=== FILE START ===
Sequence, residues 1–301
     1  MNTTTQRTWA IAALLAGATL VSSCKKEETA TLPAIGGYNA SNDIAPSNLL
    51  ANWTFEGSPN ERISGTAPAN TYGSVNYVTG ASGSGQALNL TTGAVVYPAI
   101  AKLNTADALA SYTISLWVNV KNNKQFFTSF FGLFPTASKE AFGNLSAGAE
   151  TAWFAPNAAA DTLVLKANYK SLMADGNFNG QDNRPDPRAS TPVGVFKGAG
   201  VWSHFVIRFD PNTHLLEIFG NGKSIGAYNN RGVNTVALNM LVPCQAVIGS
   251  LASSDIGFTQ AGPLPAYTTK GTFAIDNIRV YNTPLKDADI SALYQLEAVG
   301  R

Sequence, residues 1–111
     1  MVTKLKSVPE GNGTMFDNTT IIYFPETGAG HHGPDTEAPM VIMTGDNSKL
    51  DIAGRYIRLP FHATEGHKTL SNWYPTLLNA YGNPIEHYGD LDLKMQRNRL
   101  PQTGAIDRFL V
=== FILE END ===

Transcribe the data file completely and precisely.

Sequence, residues 1–301
     1  MNTTTQRTWA IAALLAGATL VSSCKKEETA TLPAIGGYNA SNDIAPSNLL
    51  ANWTFEGSPN ERISGTAPAN TYGSVNYVTG ASGSGQALNL TTGAVVYPAI
   101  AKLNTADALA SYTISLWVNV KNNKQFFTSF FGLFPTASKE AFGNLSAGAE
   151  TAWFAPNAAA DTLVLKANYK SLMADGNFNG QDNRPDPRAS TPVGVFKGAG
   201  VWSHFVIRFD PNTHLLEIFG NGKSIGAYNN RGVNTVALNM LVPCQAVIGS
   251  LASSDIGFTQ AGPLPAYTTK GTFAIDNIRV YNTPLKDADI SALYQLEAVG
   301  R

Sequence, residues 1–111
     1  MVTKLKSVPE GNGTMFDNTT IIYFPETGAG HHGPDTEAPM VIMTGDNSKL
    51  DIAGRYIRLP FHATEGHKTL SNWYPTLLNA YGNPIEHYGD LDLKMQRNRL
   101  PQTGAIDRFL V